Militants attack troops in southern Yemen, kill 12

A Yemeni policewoman stands guard as an image of President Abdu Rabu Mansour Hadi is seen on a screen during a security conference in Sana.
A Yemeni policewoman stands guard as an image of President Abdu Rabu Mansour Hadi is seen on a screen during a security conference in Sana.
(Mohammed Huwais / AFP/Getty Images)

SANA, Yemen -- In the latest attack by suspected Al Qaeda militants in a former stronghold, an explosives-laden vehicle blew up inside a military base in southern Yemen on Friday, killing an estimated 12 soldiers and injuring more than a dozen others, military and security officials said.

Ranking military officers were believed to be among the dead in the blast in Abyan province, and the camp’s commander was among the injured, the officials said. They spoke on condition of anonymity because they were not authorized to discuss the attack.

Yemen has for months been roiled by violence blamed on Al Qaeda militants and secessionist movements, which has shaken its fragile government.

The suicide car-bombing, using an apparently stolen military vehicle, set off a fierce firefight between troops and dozens of attackers, lasting for more than an hour.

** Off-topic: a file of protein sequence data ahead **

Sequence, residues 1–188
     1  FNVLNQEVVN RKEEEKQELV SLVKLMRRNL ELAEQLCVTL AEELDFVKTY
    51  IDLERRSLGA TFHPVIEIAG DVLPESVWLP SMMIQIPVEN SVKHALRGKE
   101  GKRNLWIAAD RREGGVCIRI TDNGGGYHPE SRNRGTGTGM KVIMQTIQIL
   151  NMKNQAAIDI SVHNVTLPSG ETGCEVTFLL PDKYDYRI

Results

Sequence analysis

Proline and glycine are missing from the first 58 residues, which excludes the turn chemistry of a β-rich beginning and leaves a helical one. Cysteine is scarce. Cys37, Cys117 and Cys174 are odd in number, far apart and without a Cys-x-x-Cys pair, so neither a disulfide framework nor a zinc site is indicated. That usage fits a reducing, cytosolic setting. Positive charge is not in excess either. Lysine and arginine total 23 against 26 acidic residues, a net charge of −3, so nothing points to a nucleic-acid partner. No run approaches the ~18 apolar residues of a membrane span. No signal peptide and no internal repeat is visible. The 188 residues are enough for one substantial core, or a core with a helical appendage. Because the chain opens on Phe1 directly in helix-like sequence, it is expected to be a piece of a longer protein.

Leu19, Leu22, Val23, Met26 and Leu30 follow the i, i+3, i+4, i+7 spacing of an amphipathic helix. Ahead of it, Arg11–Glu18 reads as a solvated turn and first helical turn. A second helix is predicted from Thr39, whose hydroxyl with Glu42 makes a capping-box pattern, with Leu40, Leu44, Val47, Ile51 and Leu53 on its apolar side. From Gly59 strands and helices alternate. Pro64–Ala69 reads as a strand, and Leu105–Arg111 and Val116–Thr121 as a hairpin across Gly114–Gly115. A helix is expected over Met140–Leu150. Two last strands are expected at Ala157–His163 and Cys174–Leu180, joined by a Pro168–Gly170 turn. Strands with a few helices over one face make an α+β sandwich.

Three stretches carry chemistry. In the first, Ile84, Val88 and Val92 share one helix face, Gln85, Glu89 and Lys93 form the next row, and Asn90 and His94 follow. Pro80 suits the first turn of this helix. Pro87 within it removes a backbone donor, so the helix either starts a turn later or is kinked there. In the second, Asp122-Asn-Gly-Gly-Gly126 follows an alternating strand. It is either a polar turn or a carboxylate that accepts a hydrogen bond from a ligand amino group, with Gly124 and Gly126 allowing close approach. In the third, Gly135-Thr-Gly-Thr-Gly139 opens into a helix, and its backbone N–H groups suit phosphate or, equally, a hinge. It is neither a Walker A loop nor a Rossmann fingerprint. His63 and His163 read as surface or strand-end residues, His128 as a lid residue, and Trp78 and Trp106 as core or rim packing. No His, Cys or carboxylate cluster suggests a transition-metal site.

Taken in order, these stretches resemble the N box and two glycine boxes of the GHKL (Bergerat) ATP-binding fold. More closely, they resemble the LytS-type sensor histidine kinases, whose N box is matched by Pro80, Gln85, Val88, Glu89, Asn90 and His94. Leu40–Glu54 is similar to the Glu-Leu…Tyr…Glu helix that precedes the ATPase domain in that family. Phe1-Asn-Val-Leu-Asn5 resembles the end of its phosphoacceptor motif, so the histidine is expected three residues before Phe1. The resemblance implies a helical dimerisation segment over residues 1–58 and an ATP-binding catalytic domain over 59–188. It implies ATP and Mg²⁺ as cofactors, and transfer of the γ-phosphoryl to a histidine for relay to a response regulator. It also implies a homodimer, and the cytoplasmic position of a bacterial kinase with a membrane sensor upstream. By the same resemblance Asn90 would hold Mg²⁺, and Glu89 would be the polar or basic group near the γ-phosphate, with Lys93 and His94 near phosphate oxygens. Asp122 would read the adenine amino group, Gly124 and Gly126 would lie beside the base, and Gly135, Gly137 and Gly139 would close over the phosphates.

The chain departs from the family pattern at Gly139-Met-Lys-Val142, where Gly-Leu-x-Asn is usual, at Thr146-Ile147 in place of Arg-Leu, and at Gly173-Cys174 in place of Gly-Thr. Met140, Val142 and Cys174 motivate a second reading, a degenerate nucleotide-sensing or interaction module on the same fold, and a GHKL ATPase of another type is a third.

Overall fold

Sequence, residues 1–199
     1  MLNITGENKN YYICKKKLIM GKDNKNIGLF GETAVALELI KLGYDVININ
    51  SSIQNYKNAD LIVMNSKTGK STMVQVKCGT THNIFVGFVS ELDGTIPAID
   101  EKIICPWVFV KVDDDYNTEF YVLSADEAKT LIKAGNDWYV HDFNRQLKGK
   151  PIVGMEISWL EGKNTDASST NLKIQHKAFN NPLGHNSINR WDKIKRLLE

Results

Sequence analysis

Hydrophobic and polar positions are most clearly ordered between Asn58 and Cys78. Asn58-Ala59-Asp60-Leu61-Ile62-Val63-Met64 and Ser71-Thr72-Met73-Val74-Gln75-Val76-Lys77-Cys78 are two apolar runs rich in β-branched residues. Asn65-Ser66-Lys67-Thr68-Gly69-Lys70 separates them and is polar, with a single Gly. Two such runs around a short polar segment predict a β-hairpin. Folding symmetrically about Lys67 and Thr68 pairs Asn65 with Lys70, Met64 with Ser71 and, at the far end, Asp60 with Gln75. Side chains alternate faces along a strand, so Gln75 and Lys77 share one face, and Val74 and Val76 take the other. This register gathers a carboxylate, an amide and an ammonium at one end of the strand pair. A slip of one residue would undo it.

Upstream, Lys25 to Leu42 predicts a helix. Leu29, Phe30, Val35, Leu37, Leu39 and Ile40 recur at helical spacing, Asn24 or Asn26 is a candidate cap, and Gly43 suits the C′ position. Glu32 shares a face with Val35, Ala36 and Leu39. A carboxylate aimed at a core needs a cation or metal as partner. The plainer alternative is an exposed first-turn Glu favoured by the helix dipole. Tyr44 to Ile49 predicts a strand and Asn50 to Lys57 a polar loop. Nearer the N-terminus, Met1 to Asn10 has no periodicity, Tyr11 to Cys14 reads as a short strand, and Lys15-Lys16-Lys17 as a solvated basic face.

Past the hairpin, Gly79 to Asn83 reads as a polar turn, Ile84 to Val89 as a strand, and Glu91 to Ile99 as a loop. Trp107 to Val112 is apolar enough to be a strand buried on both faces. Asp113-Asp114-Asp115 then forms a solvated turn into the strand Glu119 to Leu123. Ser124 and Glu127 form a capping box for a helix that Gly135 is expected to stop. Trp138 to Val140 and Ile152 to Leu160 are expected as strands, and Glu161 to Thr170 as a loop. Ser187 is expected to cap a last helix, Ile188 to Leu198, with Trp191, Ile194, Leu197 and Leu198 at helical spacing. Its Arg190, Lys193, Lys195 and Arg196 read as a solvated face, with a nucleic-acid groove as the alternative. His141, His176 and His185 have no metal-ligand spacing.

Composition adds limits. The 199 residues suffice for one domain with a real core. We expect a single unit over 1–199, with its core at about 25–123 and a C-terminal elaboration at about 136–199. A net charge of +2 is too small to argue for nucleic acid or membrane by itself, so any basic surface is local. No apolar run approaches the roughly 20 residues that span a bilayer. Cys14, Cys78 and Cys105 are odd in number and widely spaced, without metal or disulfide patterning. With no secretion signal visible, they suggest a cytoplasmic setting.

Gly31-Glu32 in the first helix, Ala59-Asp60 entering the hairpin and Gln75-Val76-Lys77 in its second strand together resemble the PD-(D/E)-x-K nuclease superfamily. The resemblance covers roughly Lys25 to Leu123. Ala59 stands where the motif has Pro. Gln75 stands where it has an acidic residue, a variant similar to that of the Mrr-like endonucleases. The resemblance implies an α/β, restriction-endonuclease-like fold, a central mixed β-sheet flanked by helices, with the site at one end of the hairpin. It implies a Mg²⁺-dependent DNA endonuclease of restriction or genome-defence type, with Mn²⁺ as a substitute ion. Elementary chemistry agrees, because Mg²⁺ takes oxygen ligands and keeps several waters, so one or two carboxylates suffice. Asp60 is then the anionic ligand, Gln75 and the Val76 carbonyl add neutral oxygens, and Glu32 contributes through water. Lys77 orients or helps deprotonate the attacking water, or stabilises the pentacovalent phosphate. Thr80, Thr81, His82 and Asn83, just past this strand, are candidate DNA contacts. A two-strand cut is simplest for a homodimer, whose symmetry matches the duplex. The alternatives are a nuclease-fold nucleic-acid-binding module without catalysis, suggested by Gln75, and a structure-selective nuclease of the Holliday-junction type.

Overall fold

A military official said the vehicle’s driver managed to gain entry to the camp by claiming to be transporting a wounded soldier. Under that subterfuge, he was able to get close to the main building housing the camp’s commander, Gen. Mohammed Hussain Bokheti, before setting off a powerful blast.

Six of the general’s staff were reported killed and 16 injured.

Friday’s attack came a day after a strike by militants in the nearby southwestern province of Al Baydha left at least two soldiers dead. The assailants managed to seize weapons and vehicles in that attack.

Al Qaeda-linked militants appeared to be seeking to reestablish the effective control they had in Abyan province in 2011, said Abderrzaq Jmal, a freelance journalist and researcher who specializes in Islamic groups operating in the area.


Militants have declared that higher-ranking military officials, not foot soldiers, are their intended targets, Jmal said. As a result, they have sometimes been able to obtain inside cooperation when staging attacks, sometimes passing through checkpoints unchallenged.

Recent attacks have specifically taken aim at intelligence officers, including one who was killed Friday in Hadhramout, in eastern Yemen, by men on motorbikes.

Yemeni President Abdu Rabu Mansour Hadi is accused by the militants of complicity with the United States, which has carried out an extensive campaign of drone strike against Al Qaeda suspects.

After former president Ali Abdullah Saleh was forced out of power last year as part of the regional revolts known collectively as the Arab Spring, Hadi presided over a wide-ranging offensive against Al Qaeda-linked groups that had become entrenched in the south. The government reestablished tenuous control, but the militants are woven into the social fabric and have been able to regroup.



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Special correspondent Ali reported from Sana and Times staff writer King from Cairo.